Empowering Individuals to Clean Up Blight

January 10, 2013 in Engagement, Housing, News, Quality Connected Places, Tool

East Cleveland

Grist.com recently reported on the crusade against blight in areas of northeast Ohio like Youngstown and Cleveland. 

“Good samaritans in Ohio may be getting a reprieve from potential misdemeanor charges.

Today the state House is voting on a bill that would allow people to clean up vacant, blighted properties without fear of a trespassing charge. This measure essentially gives residents more power to improve their neighborhoods, harnessing NIMBY instincts for good. From The Columbus Dispatch:

Some residents hesitate to take care of the properties around them because they risk trespassing charges, said Tiffany Sokol, office manager of the nonprofit Youngstown Neighborhood Development Corp., which boards up and cleans up vacant properties. The bill would allow individuals to clean up blighted land or buildings that have clearly been abandoned.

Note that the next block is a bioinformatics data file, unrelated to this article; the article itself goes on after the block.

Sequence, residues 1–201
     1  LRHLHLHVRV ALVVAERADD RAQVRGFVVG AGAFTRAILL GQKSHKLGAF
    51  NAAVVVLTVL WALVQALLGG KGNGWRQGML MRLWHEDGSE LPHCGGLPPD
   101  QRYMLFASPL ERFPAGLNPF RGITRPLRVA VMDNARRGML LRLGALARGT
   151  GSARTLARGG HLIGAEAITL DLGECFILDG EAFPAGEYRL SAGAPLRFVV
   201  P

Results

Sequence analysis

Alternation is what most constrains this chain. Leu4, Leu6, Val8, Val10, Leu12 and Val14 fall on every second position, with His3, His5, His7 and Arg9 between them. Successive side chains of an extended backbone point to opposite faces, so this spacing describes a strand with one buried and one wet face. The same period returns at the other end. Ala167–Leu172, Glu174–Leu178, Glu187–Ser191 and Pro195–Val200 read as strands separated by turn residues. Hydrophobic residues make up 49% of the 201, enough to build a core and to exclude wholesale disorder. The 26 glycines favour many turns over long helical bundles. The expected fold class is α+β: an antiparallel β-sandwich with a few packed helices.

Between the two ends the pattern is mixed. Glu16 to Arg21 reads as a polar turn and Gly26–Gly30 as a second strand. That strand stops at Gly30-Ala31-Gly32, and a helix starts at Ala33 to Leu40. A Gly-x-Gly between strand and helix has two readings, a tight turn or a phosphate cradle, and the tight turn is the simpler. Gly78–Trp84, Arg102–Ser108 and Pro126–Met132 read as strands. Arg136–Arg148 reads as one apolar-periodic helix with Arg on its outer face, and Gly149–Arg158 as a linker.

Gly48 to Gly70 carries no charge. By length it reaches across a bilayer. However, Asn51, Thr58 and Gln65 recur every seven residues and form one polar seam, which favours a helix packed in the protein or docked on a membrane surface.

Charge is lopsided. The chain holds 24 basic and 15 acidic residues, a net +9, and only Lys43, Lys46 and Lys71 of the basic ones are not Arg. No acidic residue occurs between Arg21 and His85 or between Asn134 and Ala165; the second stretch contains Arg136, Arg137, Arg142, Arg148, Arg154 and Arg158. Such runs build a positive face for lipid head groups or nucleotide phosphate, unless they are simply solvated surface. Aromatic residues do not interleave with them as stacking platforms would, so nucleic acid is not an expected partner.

“Very ugly, nasty places,” [said Sen. Joe Schiavoni (D), the bill’s sponsor]. “These properties are an eyesore, a danger to their neighbors.”

The Rust Belt is only getting rustier, and Ohio communities have tried a number of strategies to fight neighborhood blight. Yesterday, The Columbus Dispatch and a city website published the names of negligent owners of more than 100 blighted properties. The city called it a fight for neighborhoods.

City Attorney Richard C. Pfeiffer Jr. said anything is worth a try.

“If it gets their attention, good,” he said.

In Cleveland, officials are rehabbing the shrunken city by aggressively tearing down houses, not fixing them up.

 

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